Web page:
(from the March 1983 issue of Rudra, published by Nityananda Institute)
We are especially blessed to have encountered Rudi. He was a very great being whose presence in our lives taught us something fundamentally important -- we should be ourselves. Rudi was not a swami in the traditional sense of the word, but this did not inhibit his capacity to absorb the essence of the teaching and transcend the circumstances of his existence. He was a monk in that he lived alone and and he lived a very simple life. He was not exactly a monk in that he supported himself and maintained contact with his family. Some people have the opportunity to be monks; others do not. Some people have a feeling within them that draws them to orthodox practice; Rudi had neither the opportunity nor the feeling. He lived completely within himself in a demanding and pressurized existence. Simplicity and grace permeated his presence.
“Rudi was a shining example of the extraordinary potential that exists in every human being. This potential emerges in those who are devoted simply, deeply, and with great faith to the vision of the inner Self and the unbroken experience of God.”
Around Rudi, miracles happened every day. But for him, every day was the same. Rudi always rose at the same time and made breakfast for the few of us who stayed in his house. After meditation, we would eat together; often we'd have coffee and sit with Rudi for a while. Sometimes people from Big Indian came; sometimes people from Indiana or Texas visited. Rudi spent time with them in the morning, and then he'd go to work at the store. Every day he worked until six o'clock and then came home to teach. At 10 or 10:30, he would go to bed, night after night. On the weekends he went to Big Indian or traveled to one of the other Ashrams. He lived a profoundly simple life -- rigorous and disciplined.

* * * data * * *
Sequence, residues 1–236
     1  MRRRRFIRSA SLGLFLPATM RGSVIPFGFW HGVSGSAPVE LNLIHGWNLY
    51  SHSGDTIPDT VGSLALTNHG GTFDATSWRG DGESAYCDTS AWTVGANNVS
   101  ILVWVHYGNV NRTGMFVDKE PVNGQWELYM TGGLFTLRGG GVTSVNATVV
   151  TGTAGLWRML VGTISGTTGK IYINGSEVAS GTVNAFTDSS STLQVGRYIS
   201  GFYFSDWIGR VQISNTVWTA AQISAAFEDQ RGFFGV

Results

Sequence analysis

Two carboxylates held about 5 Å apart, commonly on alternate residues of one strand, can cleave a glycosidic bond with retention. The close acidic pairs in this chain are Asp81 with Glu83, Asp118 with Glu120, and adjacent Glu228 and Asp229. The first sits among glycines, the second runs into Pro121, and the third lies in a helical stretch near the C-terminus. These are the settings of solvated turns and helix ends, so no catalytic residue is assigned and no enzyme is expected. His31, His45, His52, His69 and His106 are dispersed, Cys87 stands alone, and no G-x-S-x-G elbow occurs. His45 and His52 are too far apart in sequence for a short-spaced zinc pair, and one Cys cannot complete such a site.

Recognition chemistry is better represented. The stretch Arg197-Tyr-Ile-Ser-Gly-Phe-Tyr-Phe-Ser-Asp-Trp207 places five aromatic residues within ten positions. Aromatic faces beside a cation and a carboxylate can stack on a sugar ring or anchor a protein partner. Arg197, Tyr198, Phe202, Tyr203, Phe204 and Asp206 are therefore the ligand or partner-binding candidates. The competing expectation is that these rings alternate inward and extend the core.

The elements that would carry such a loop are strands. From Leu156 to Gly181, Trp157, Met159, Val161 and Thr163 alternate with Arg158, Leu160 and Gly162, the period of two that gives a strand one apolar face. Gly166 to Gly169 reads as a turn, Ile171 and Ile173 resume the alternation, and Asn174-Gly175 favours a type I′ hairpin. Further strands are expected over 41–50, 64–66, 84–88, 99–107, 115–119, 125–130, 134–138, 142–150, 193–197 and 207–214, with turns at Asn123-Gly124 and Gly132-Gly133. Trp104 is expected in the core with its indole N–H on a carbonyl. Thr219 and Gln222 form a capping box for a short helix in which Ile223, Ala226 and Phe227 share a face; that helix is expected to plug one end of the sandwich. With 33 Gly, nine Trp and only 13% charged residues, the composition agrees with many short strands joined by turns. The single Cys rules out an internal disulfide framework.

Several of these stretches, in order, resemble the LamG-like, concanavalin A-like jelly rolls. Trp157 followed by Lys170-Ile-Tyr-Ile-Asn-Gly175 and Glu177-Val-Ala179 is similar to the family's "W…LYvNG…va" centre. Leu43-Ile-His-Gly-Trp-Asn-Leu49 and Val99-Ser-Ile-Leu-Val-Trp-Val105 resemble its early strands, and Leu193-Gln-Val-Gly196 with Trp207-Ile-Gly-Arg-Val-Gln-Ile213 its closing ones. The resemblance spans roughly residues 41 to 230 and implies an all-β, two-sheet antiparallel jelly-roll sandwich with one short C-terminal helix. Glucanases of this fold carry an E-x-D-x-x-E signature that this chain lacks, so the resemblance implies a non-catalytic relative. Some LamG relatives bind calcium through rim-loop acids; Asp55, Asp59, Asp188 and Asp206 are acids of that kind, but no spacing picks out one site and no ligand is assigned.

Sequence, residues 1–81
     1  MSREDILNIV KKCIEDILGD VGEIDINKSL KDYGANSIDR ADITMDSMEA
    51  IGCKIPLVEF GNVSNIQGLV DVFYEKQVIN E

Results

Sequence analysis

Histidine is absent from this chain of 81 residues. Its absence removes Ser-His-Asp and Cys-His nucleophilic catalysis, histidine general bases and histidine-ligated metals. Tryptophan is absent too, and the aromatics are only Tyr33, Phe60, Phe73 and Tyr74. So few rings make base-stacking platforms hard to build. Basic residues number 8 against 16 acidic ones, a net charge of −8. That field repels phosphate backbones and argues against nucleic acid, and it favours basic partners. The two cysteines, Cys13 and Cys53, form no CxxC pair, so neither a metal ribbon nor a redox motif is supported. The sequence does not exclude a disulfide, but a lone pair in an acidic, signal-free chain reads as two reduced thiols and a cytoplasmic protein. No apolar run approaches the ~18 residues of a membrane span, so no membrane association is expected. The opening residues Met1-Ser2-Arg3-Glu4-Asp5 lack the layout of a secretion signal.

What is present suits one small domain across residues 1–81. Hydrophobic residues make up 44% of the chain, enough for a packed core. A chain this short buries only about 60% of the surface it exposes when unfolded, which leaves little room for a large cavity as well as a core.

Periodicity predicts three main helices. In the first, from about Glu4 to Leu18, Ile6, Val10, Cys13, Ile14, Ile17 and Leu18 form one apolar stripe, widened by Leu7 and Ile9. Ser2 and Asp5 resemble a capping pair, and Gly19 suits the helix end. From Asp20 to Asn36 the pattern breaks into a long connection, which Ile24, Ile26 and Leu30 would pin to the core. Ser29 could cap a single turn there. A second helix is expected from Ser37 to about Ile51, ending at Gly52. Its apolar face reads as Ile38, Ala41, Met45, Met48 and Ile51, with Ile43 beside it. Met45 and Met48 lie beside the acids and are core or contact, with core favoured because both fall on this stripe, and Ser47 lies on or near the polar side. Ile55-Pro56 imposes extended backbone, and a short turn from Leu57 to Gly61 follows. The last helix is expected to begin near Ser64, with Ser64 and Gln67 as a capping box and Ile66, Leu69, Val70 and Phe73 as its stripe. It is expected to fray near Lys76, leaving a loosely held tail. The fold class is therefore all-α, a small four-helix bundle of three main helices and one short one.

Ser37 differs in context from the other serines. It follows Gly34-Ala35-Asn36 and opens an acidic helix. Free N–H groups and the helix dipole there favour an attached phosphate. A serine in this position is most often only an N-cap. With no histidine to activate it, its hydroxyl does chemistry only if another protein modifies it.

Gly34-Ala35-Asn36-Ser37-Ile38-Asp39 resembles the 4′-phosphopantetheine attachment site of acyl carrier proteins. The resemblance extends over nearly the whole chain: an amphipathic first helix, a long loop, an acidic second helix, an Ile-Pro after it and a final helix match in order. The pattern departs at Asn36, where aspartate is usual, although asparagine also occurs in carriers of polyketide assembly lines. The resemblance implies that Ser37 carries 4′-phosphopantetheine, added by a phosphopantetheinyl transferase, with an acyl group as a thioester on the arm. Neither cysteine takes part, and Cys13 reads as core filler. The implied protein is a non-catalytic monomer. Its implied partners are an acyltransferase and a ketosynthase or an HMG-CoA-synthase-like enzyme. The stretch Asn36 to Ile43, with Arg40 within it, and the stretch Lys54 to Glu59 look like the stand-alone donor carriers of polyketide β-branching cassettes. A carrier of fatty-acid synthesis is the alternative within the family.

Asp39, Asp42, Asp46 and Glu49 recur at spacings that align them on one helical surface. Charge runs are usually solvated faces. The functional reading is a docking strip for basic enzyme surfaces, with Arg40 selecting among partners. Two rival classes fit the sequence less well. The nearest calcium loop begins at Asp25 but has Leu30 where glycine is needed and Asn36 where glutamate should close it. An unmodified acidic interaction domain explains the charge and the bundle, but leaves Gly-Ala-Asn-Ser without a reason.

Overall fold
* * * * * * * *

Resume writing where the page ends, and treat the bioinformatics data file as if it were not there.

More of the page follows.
Rudi worked very, very hard. Even on the last day of his life he worked until six in the evening and then, promptly at six o'clock, boarded a plane to go to Ft. Miller in upstate New York to spend the evening teaching and working with people who wanted to start another ashram.
Rudi's store was a rich environment. All day long people came and went -- shopping and browsing. Four or five of us would sit with Rudi or work in the store. Rudi handled it all with humor and a loving simplicity that was touching and powerful at the same time. He was not different whether there were many people in the store or none. He was not concerned with making an impression on anyone. Famous people and unknown people used to come there. He was the same for everyone. Whatever a person brought into the store, he got back.
Rudi was a deeply quiet being whose attention was turned inside. He was a person who, in the proper manner of the tradition, was dependent only on himself and from himself he gave a lot. He gave a lot of love, advice and assistance, and support. He was not a capricious person, but certainly he was a remarkably generous one. Rudi understood the difference between giving where it was needed and giving where it was wanted. He lived from within himself in the midst of a tremendously difficult situation without strain -- without doubt or concern. His understanding was complete, and he manifested that understanding in so many ways for so many people.
Rudi was also a very thoughtful person. Just a few weeks before he died, a Catholic man walked into his store. The man was only browsing, but he got involved in a conversation with Rudi about his deep interest in Catholicism, his conflicts with it, and the spiritual crisis that he was experiencing. Rudi talked to him for about a half hour and resolved this conflict for him. Rudi did not tell this person to become his student, but instead, Rudi resolved that person's conflict in a very simple and nice way.
About two or three months later, a remarkable thing happened. That same man came into a store in Texas called Rudi's South; I was visiting a friend there. He said, "Rudi's South. Did you know Rudi in New York?" Of course, this is not an uncommon event. We said, "Yes, we knew him." So he told us the story of his meeting with Rudi.